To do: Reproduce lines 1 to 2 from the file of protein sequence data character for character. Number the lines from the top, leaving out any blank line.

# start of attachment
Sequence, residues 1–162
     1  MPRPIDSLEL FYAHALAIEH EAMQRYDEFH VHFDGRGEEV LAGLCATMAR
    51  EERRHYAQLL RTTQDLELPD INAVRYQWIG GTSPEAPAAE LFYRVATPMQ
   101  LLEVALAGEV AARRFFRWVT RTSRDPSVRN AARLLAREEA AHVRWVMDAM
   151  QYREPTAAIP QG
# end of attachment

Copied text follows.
Sequence, residues 1–162
     1  MPRPIDSLEL FYAHALAIEH EAMQRYDEFH VHFDGRGEEV LAGLCATMAR